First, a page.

If you are a follower of this blog then you know I’m a strong believer in the saying “When the student is ready, the teacher appears”. I’ve had this experience more times than I can count and I’m always amazed by it. Have you ever had the experience of suddenly going to your book-case, pulling out a book that has rested there for years and becoming engrossed in something that previously held no interest for you? I have! Where did the impulse to choose that book come from? Have you ever found yourself listening to someone on TV or the radio – or maybe while having lunch with a new friend – and suddenly hearing a totally different way of thinking about something that challenges you to reconsider a long-held opinion? I have! I love the feeling I get when a new understanding opens up inside me.

I’ve been a spiritual seeker for many years but my search has never been about finding religion. It is about finding my own relationship with God and it is about recognizing that the tools that aid in my spiritual growth can come from many sources. One of the sources I turned to a couple of years ago is the Bible because I know there are important lessons in those pages. Rabbi Lapin says the Bible is just like the manual that comes with a new car – it gives us all the information we need to take care of ourselves so that we can live a healthy, happy life. I was intrigued by that statement. I struggle to understand the Bible and often find the symbolism impenetrable and this is the role Rabbi Lapin will play in my education – I am ready to understand the Bible and he is one of the teachers who has appeared to help me.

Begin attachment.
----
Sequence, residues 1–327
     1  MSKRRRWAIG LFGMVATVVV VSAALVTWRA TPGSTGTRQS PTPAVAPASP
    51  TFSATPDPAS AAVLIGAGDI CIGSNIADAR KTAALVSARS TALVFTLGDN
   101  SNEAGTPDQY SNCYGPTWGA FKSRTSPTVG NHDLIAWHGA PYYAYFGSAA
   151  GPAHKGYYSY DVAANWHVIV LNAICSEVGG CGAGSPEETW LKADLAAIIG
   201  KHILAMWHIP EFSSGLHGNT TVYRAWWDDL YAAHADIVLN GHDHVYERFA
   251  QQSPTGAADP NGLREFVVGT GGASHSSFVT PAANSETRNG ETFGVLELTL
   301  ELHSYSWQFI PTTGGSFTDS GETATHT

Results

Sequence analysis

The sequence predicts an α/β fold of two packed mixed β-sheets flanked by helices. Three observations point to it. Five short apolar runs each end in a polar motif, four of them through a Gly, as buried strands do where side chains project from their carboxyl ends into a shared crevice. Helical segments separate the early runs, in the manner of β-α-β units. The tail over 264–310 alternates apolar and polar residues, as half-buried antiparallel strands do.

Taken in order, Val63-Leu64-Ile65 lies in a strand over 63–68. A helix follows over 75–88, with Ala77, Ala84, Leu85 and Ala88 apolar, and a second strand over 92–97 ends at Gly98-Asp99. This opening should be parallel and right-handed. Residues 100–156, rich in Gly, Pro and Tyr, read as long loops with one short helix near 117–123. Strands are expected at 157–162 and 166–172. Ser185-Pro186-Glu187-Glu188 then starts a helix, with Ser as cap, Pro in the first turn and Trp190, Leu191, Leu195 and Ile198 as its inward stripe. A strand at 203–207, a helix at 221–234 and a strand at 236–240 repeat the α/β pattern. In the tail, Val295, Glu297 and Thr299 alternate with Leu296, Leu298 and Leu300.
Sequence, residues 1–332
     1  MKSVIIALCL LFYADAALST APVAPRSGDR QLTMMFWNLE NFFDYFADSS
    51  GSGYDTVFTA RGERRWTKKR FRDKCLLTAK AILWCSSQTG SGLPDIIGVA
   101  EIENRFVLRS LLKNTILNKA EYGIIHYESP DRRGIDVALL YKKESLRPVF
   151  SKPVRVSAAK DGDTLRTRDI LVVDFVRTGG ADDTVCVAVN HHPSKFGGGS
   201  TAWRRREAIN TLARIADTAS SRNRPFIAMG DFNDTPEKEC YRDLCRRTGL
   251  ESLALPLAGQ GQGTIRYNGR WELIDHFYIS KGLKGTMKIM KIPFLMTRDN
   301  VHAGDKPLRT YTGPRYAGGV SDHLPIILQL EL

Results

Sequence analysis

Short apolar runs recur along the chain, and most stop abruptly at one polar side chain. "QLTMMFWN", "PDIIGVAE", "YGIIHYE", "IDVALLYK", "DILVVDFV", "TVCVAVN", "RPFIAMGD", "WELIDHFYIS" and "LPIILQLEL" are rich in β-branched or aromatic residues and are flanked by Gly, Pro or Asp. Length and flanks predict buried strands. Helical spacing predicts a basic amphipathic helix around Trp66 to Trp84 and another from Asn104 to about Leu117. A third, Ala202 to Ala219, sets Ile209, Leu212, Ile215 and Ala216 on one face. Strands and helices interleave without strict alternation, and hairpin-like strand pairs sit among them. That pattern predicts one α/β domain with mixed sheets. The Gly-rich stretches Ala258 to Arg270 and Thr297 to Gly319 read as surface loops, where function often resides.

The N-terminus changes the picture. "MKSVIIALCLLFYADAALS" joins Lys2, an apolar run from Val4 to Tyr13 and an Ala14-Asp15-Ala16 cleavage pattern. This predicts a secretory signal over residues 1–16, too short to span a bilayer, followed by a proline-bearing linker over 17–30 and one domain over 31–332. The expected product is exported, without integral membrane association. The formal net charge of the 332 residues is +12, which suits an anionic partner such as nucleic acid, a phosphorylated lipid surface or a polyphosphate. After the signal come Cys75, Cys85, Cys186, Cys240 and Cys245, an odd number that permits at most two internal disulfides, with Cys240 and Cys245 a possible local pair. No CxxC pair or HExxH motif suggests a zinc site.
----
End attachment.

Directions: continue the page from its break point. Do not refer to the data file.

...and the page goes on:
Following the student/teacher theme, it’s interesting to me that I was led to the Bible in the first place by a renewed interest in American history and the realization that Judaeo-Christian principles played such an important role in the founding of this country. Anyway, I encourage you to keep an open mind and notice when your teachers appear – life is a journey and you’re never too old to learn something new about the world and yourself.

The mind that opens to a new idea never returns to it’s original size.  ~Albert Einstein

I'm ready to learn more new things!

I’m ready to learn more new things!

See more of my artwork and books at Lynda Linke Productions